The Nativity of Our Lord Jesus Christ
(by Father Francis Xavier Weninger, 1876)

"When shall I come and appear before the face of God?"--Psalms xli, 3.

Five thousand one hundred and ninety nine years after the creation; 2957 years after the flood; 2015 years after the birth of Abraham; 1510 years after the departure of Moses and the children of Israel from Egypt; 1032 years after the anointing of King David; in the 65th week, according to the prophecy of Daniel; in the 194th Olympiad; 752 years after the building of Rome; in the 42d year of the reign of the Emperor Augustus, when peace prevailed over the whole earth, and in the 6th age of the world, "Jesus Christ, Eternal God, the Son of the Eternal Father," to bless the world by His coming, was conceived of the Holy Ghost, and nine months later, was born at Bethlehem, of the Virgin Mary. Hence, today is the human birth of our Lord and Saviour.

In these words the holy Church announces, in the Roman Martyrology, today's great and glorious festival, the birth of our Saviour. The entire account of this festival cannot be given better than it is related in the Gospel of St. Luke, wherein we read as follows: Octavius Augustus, the Roman Emperor, had given peace to the whole empire by conquering his enemies. Nowhere was war heard of, and peace reigned over all the world. The emperor, desiring to know the strength of his empire, and the number of his subjects, profited by this calm, and gave command to his officers to register the names of all the inhabitants of his dominions. Cyrinus was charged with the census of Syria and Judea. In order that this registering might be correctly made, the command was issued that everyone should be enrolled in the city from which his family came. Mary, the Blessed Virgin, and St. Joseph resided at Nazareth, a small town in Galilee; but as both were descended from King David, who came from Bethlehem, a small hamlet or town in the tribe of Judah, five miles from Jerusalem, they went thither. There they found all the houses so filled with strangers, who had come for the same purpose, that although St. Joseph took all pains to find a lodging for his holy spouse, he could not succeed. As the night approached, nothing was left for them but to repair to a cave in a rock, outside of Bethlehem. Both submitted to divine Providence, humbly worshipping the judgment of heaven, as they recognized that the only begotten Son of God, who became flesh to teach us humility and poverty, had Himself chosen this lowly and miserable stable as His birthplace.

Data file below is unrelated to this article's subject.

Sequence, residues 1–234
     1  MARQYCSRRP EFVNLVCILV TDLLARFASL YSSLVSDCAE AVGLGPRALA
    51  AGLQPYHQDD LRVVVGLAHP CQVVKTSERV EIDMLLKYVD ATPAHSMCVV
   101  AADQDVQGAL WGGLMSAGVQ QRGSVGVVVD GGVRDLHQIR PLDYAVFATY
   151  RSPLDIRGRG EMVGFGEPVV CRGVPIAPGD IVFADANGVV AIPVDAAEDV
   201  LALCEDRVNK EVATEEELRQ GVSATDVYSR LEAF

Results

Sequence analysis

Mary, the Virgin Mother, knew the hour of His birth, and remained deeply absorbed in contemplation of the great mystery which was soon to be fulfilled. At midnight she brought forth, without pain and without detriment to her virginity, Him whom she had conceived of the Holy Ghost, Jesus Christ, the only begotten Son of the Heavenly Father, the Saviour of the world. Seeing the Divine Child, she was filled with heavenly joy, and, sinking on her knees, she worshipped Him with deep humility and reverence, while her heart burned with motherly love. To God alone is known the greatness of the devotion and love which the Virgin Mother felt at that most holy moment. She took the Child into her arms, kissed it, and pressed it to her happy heart, wrapped it in poor swaddling-clothes, and, as no better place could be found, laid it in a manger. At that time, an ox and an ass were in the stable, and with their breath warmed the Divine Child trembling with cold. Mary and Joseph, prostrating themselves before the new-born Saviour, worshipped Him most devoutly. The Angels united their adoration with that of Joseph and Mary. They had already adored Him at the first moment of His Incarnation; but St. Paul assures us that they were commanded by the Almighty to adore him again at the time of His birth.